WVPA Sharing

Heroin seen as root of people’s problems

By Jenni Vincent

The Journal of Martinsburg

MARTINS BURG, W.Va. —  Everyone had their own reason for attending Sen. Shelley Moore Capito’s Drug Prevention Summit on Monday afternoon, but the one common denominator was heroin and its local impact.

For example, Berkeley County Sheriff Kenny Lemaster wanted people to know that there had been roughly 40 heroin overdose calls in the last month – roughly double the number of monthly calls in previous years.

Capito also stressed the rising numbers in her opening remarks, saying she had been “devastated” by the number of lives being lost to drugs in West Virginia.

“West Virginia leads the nation in overdose deaths. And because we are such a small state, we feel this pain more than most. This issue crosses all boundaries of age, race and gender. It does not discriminate,” she said.

She also said the average age range for heroin-related overdoses in the state from 2009-2013 was 25 to 34 years old.

A retired corrections officer didn’t waste any time in helping kick off the question-and-answer session between speakers and audience members.

Despite his career, Todd Robertson explained how he’d become an addict. He also talked about seeing various friends and family members dying from heroin overdoses.

Explaining that “it takes an addict to know an addict,” Robertson said he is convinced that treatment is the only viable answer to the Eastern Panhandle’s heroin problem.

Another man said he’s also reached the same conclusion, and is trying to do his part locally.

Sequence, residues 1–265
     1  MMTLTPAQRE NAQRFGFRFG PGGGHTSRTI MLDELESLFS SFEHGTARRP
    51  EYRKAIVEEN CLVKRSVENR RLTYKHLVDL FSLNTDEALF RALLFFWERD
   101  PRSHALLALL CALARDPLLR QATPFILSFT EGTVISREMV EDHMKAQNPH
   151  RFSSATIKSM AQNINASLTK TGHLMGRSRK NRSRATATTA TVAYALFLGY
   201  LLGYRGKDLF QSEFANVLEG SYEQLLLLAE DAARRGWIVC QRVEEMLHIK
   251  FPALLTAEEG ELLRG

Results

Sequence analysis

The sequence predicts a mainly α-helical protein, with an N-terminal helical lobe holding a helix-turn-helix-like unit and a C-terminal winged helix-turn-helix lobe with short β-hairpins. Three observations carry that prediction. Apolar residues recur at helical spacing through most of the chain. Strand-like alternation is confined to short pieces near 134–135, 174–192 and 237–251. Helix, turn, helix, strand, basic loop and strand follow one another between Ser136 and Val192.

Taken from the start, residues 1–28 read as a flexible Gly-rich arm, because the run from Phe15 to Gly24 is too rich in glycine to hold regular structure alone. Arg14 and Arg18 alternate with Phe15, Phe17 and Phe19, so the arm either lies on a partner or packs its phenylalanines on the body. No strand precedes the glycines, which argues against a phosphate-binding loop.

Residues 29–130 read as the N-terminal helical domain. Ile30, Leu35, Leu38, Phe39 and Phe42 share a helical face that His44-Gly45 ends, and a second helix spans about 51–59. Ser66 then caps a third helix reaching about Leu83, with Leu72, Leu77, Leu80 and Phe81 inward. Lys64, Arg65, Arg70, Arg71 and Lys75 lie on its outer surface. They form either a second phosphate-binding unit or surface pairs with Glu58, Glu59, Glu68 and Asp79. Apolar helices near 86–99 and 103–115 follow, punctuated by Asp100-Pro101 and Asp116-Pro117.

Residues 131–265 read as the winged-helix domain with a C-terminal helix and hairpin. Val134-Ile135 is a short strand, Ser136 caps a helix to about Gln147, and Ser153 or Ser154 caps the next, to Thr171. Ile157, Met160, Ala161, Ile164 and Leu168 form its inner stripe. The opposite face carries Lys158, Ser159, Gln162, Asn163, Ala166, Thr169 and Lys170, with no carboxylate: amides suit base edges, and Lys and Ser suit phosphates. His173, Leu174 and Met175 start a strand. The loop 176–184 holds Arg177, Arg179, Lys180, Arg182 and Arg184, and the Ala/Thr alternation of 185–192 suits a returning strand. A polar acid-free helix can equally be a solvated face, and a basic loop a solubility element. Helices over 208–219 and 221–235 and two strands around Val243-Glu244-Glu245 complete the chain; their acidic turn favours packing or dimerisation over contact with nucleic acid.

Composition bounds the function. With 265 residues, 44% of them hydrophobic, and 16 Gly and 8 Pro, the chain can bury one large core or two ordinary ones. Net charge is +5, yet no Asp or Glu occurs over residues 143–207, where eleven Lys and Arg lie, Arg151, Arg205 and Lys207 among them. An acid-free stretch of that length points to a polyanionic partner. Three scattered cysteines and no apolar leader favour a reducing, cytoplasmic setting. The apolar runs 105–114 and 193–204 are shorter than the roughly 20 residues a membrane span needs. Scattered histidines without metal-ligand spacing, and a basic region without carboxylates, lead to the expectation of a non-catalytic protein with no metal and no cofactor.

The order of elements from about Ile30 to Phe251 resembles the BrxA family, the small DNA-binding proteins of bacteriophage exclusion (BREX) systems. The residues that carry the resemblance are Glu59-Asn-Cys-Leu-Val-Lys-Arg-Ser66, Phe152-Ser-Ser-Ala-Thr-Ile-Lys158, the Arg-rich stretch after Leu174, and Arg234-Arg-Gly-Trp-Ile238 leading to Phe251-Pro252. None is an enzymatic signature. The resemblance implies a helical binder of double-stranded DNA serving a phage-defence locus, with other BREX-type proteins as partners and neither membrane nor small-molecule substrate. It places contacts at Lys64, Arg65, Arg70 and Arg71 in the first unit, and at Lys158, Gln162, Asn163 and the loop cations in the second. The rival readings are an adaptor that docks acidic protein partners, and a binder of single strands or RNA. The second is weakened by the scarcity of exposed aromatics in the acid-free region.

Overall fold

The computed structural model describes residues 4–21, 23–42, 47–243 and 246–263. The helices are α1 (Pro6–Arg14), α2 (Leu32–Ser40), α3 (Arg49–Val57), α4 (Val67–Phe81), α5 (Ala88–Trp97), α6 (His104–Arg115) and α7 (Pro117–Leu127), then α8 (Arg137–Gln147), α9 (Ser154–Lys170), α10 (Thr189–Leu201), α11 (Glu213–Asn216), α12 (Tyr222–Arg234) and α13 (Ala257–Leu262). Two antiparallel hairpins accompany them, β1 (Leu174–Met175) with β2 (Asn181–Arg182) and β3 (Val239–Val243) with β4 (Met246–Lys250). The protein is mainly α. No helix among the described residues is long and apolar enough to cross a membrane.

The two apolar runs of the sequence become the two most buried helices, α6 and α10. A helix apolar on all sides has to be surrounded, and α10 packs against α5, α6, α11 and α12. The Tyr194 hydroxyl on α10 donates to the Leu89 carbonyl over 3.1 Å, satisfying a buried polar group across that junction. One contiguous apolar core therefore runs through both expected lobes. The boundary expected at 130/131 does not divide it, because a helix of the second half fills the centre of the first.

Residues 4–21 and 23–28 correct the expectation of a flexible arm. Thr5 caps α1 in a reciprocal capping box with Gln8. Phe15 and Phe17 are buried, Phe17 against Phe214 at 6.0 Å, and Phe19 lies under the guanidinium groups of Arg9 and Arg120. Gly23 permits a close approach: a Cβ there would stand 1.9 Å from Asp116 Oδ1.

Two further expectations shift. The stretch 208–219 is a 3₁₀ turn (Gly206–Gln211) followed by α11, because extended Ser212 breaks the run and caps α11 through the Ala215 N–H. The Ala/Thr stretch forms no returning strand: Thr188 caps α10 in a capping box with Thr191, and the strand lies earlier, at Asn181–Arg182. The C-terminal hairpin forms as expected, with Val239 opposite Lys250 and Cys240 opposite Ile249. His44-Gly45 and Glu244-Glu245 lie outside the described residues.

Christopher Perry said he is trying to start a drug intervention program in Berkeley County but continues to need a fiscal agent and a place to house this effort. An ex-addict who has been clean for 30 years and is also now a certified drug coach, Perry said current efforts aren’t enough.

“One thing is for sure – locking people up isn’t the answer,” he said.

Panelist Kathy Stevens-Butts, whose 23-year-old daughter Tiffany died last fall from a heroin overdose, said she is reminded daily of this loss.

That’s especially true when her late daughter’s 3-year-old daughter stops playing without warning, and talks about missing her mother, Stevens-Butts said.

She agreed treatment is the key for a brighter future, especially since she was unable to get it for her own daughter.

“Addicts need help and they want it. But where are you going to send them here? There’s no place to go now,” she said, pausing momentarily while holding up a photo of her late daughter in happier times.

“This is one of the faces of heroin addiction, but I couldn’t get Tiffany what she needed. So it is now my mission to help anyone and everyone I can. I’m not naive enough to think that drugs can ever be eradicated, but I do want Berkeley County to take a stand to do what’s right,” said Stevens-Butts.

There was some good news, when social worker Gary McDaniel described the successful work being done by the Morgan County Partnership working with middle and high school students.

He said the preventive substance abuse screening – the Screening, Brief Intervention and Referral to Treatment (SBIRT) program – is the first of its kind to use this model in a state school.

Ellen Valli, program director for the Martinsburg Institute, a private methadone program that has been treating opiate addiction problems locally since 2002, said local heroin overdoses aren’t hard to find, especially since some are very public.

“Heroin today is cheap and it’s strong, and people are dying left and right,” she said.

“Heroin seen as root of people’s problems” The Journal 28 Apr 2015: A3

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